By Li Qingqing Source:Global Times
In this video still image from the Bernie Sanders Presidential Campaign, Sanders announces the suspension of his presidential campaign on Wednesday, from Burlington, Vermont. Photo: AFP
Bernie Sanders dropped out of the 2020 US presidential race on Wednesday, clearing former vice president Joe Biden’s path to the Democratic nomination.
Sanders ended his White House campaign at a time when the COVID-19 rages across the US. Many people have noticed that the White House responded slowly to the COVID-19 epidemic. They did not see that the spread of the virus has actually exposed the inherent contradictions of the capitalist system.
German journalist Timo Lokoschat on March 31 wrote an article titled “Capitalism is not to blame for the COVID-19” (Der Kapitalismus ist nicht schuld an Corona). But the problems during the COVID-19 pandemic will help us understand what is wrong with capitalism. During the COVID-19 outbreak in the US, many poor people could not afford the testing and treatment. Some homeless people had to be quarantined at an open-air parking lot. The mortality rate of African Americans is the highest in the US. The medical facilities are also not enough due to insufficient investment in public health. These problems have exposed the weakness of the US capitalist system.
Sanders has attracted much attention because the socialist tendency he represents has begun to gain popularity, especially among the younger generation in the US. However, it is unlikely that Sanders’ idea will become the mainstream in American society, because it involves a fundamental reform of the existing system and will hurt the foundations of capitalism. Capitalism can be regarded as the foundation of the US. Neoliberalism, which encourages individual competition, provides full vitality for the society, but also inevitably leads to a gap between the rich and poor. In particular, the government has played a weak role by letting capital prevail. Thus, public service has been seriously weakened, resulting in the government’s sluggish response in this public health crisis.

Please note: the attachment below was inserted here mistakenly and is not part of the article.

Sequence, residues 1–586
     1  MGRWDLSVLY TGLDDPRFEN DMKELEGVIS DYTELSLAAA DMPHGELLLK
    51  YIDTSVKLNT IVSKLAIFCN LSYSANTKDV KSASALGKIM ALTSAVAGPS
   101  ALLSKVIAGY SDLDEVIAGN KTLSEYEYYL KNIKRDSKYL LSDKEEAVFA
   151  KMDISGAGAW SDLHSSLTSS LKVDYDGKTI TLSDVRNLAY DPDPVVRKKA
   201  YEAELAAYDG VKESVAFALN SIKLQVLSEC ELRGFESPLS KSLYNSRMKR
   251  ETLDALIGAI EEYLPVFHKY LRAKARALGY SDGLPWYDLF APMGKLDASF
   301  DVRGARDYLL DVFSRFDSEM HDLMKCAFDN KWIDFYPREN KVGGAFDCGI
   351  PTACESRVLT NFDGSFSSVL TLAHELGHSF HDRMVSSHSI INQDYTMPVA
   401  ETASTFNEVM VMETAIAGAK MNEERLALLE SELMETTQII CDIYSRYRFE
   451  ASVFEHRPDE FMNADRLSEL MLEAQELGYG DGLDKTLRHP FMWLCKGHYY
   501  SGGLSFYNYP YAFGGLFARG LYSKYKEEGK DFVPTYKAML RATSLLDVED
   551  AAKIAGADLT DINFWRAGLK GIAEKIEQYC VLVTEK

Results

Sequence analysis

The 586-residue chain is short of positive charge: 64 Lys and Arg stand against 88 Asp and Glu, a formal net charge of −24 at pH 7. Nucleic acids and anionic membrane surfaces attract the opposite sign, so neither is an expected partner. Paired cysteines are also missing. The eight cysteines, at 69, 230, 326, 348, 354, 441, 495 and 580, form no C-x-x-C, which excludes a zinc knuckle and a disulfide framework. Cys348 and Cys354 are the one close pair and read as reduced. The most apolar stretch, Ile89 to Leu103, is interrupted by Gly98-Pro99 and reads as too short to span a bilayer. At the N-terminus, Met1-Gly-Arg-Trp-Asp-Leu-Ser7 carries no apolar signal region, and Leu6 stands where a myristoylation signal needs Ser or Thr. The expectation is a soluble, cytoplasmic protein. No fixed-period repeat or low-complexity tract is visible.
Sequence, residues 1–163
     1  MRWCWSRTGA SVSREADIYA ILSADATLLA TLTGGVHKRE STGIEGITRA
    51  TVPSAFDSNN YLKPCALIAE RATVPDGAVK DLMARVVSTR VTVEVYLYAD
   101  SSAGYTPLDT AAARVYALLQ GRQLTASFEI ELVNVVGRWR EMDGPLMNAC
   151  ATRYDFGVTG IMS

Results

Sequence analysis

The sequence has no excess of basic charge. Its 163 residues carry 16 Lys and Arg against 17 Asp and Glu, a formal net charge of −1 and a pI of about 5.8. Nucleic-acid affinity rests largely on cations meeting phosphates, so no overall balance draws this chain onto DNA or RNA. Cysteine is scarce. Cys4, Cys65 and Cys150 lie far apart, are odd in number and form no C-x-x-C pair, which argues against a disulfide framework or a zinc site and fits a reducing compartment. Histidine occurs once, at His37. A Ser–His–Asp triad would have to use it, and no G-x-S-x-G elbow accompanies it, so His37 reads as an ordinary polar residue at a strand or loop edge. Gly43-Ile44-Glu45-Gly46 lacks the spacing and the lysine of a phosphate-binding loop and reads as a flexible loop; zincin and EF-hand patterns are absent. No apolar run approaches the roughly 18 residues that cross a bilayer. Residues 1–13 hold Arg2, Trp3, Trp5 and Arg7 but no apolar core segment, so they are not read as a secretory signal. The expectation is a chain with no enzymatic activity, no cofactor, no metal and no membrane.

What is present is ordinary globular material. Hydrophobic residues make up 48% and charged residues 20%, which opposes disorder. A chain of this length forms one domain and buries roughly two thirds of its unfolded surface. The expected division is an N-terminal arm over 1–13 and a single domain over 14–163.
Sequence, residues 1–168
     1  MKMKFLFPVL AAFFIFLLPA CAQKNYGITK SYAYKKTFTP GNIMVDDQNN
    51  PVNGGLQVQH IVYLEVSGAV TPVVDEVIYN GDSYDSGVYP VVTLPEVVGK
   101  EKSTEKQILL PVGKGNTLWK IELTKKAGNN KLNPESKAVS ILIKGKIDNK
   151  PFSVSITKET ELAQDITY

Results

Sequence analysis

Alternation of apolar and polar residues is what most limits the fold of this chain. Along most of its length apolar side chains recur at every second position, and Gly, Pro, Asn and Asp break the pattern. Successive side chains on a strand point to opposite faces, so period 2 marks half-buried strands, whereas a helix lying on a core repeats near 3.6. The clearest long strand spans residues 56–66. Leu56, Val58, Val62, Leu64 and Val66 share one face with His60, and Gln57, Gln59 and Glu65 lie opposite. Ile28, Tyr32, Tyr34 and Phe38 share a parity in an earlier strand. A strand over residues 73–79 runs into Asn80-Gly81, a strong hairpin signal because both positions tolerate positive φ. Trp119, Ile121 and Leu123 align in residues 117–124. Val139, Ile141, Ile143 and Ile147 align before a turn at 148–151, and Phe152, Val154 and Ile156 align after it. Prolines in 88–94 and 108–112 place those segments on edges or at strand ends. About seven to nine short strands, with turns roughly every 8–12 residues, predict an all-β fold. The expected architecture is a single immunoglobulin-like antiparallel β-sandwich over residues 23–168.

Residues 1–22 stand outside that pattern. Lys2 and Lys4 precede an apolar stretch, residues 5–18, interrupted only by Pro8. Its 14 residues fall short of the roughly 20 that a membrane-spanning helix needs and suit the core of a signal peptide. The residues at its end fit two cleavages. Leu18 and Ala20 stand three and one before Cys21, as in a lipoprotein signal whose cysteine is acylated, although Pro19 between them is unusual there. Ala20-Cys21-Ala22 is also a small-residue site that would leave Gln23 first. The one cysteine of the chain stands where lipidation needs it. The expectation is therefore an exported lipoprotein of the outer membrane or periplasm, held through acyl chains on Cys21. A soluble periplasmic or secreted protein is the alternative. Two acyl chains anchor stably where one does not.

In the book Capital in the Twenty-First Century, French economist Thomas Piketty argued that inequality is not an accident, but a feature of capitalism, and can only be reversed through state interventionism. The book pointed out that unless capitalism is reformed, the democratic order will be threatened.
Sanders saw the gap between the rich and poor in the US and the crisis it has brought. But his so-called democratic socialism lacks the will to oppose capitalism. It is also impossible for him to promote reform under the current conditions. Thus, his theory has many limitations.
US and European medical institutions are making every effort to develop vaccines and new drugs to control the pandemic as soon as possible. It may not be too difficult to develop a vaccine. But it is almost impossible to eliminate the gap between the rich and poor, make health insurance available for everyone and provide higher education and reliable employment opportunities for all people if capitalism is not reformed.
It is generally believed that a big crisis will help improve the adaptability of the system and social practices. But after the epidemic, can the US and other Western countries reform the system so as to meet the new challenges in the public sphere? We shall wait and see.